156PickensChoctawMississippi Band of Choctaw Indians, Mississippi
156PickensChoctawChoctaw Nation of Oklahoma
156ChoctawChoctawJena Band of Choctaw Indians, Louisiana
156SumterChoctawChoctaw Nation of Oklahoma
156SumterChoctawJena Band of Choctaw Indians, Louisiana
156ChoctawChoctawMississippi Band of Choctaw Indians, Mississippi
156SumterChoctawMississippi Band of Choctaw Indians, Mississippi
156PickensChoctawJena Band of Choctaw Indians, Louisiana
156ChoctawChoctawChoctaw Nation of Oklahoma
157ClarkeChoctawJena Band of Choctaw Indians, Louisiana
157ClarkeChoctawMississippi Band of Choctaw Indians, Mississippi
157ClarkeChoctawChoctaw Nation of Oklahoma
178FranklinChickasawChickasaw Nation, Oklahoma
178MarionChickasawChickasaw Nation, Oklahoma
203MorganCherokeeEastern Band of Cherokee Indians of North Carolina
203CleburneCherokeeCherokee Nation, Oklahoma
203CleburneCherokeeEastern Band of Cherokee Indians of North Carolina
203De KalbCherokeeEastern Band of Cherokee Indians of North Carolina
203De KalbCherokeeCherokee Nation, Oklahoma
203MorganCherokeeUnited Keetoowah Band of Cherokee Indians in Oklahoma
203CherokeeCherokeeCherokee Nation, Oklahoma
203MarshallCherokeeCherokee Nation, Oklahoma
203CleburneCherokeeUnited Keetoowah Band of Cherokee Indians in Oklahoma
203MarshallCherokeeEastern Band of Cherokee Indians of North Carolina
203EtowahCherokeeCherokee Nation, Oklahoma
203EtowahCherokeeUnited Keetoowah Band of Cherokee Indians in Oklahoma
203MarshallCherokeeUnited Keetoowah Band of Cherokee Indians in Oklahoma
203EtowahCherokeeEastern Band of Cherokee Indians of North Carolina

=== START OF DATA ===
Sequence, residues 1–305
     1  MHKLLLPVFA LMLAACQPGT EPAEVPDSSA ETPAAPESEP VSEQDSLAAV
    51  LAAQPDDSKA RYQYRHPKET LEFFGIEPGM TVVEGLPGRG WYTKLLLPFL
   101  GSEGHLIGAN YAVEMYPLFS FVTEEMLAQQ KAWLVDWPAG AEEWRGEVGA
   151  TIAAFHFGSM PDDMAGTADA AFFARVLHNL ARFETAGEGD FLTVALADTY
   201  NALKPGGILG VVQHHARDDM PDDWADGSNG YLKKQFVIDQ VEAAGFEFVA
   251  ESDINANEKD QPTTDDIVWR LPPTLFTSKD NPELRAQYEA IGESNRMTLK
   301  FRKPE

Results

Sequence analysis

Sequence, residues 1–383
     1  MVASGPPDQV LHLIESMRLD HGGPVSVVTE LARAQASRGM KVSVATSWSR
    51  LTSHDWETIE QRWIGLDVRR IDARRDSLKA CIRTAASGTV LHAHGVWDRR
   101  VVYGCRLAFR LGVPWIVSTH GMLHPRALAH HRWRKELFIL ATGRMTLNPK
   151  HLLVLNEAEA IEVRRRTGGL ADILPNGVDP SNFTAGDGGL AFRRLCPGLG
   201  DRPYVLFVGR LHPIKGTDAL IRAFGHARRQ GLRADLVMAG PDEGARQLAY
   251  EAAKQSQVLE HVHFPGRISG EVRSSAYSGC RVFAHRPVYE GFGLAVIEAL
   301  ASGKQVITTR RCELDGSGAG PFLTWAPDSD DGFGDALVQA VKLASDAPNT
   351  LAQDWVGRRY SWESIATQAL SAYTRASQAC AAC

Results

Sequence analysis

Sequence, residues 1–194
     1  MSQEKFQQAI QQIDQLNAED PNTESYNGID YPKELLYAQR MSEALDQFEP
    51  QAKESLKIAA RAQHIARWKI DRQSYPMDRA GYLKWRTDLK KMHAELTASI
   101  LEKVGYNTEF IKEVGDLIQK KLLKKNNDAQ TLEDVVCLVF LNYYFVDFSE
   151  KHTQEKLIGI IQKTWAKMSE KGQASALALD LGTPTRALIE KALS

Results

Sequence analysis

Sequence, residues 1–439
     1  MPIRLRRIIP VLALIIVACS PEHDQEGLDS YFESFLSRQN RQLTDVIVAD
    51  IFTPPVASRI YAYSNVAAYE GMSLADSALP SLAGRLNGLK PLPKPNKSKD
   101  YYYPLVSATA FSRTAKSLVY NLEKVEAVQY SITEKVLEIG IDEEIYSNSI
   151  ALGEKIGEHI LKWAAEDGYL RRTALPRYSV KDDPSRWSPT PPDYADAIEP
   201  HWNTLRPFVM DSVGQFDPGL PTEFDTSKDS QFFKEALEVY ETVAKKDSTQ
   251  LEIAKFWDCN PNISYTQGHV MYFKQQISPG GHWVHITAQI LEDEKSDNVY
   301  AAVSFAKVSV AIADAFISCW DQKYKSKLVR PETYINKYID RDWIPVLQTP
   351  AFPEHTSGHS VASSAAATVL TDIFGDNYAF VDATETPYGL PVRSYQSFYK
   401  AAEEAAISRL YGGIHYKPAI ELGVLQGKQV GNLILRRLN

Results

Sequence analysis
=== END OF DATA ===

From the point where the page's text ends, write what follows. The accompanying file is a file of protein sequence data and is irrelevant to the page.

203CalhounCherokeeEastern Band of Cherokee Indians of North Carolina
203JacksonCherokeeCherokee Nation, Oklahoma
203CalhounCherokeeCherokee Nation, Oklahoma
203BlountCherokeeEastern Band of Cherokee Indians of North Carolina
203BlountCherokeeCherokee Nation, Oklahoma
203JacksonCherokeeEastern Band of Cherokee Indians of North Carolina
203JacksonCherokeeUnited Keetoowah Band of Cherokee Indians in Oklahoma
203MorganCherokeeCherokee Nation, Oklahoma
203BlountCherokeeUnited Keetoowah Band of Cherokee Indians in Oklahoma
203CherokeeCherokeeEastern Band of Cherokee Indians of North Carolina
203CalhounCherokeeUnited Keetoowah Band of Cherokee Indians in Oklahoma
203CherokeeCherokeeUnited Keetoowah Band of Cherokee Indians in Oklahoma
203De KalbCherokeeUnited Keetoowah Band of Cherokee Indians in Oklahoma

Map References

The following pages on our site (and others) references the Alabama Land Cessions Map. We do not include the treaties already listed above.

  1. Alabama Land Cessions by Native American Tribes
    The Native American tribes of Alabama who ceded lands to the United States Government. Included in this list, were the tribes names at the time of the cession, and present day tribal name.


MLA Source Citation:

AccessGenealogy.com. Web. 28 September 2014. http://www.accessgenealogy.com/alabama/alabama-land-cessions-map.htm - Last updated on May 3rd, 2013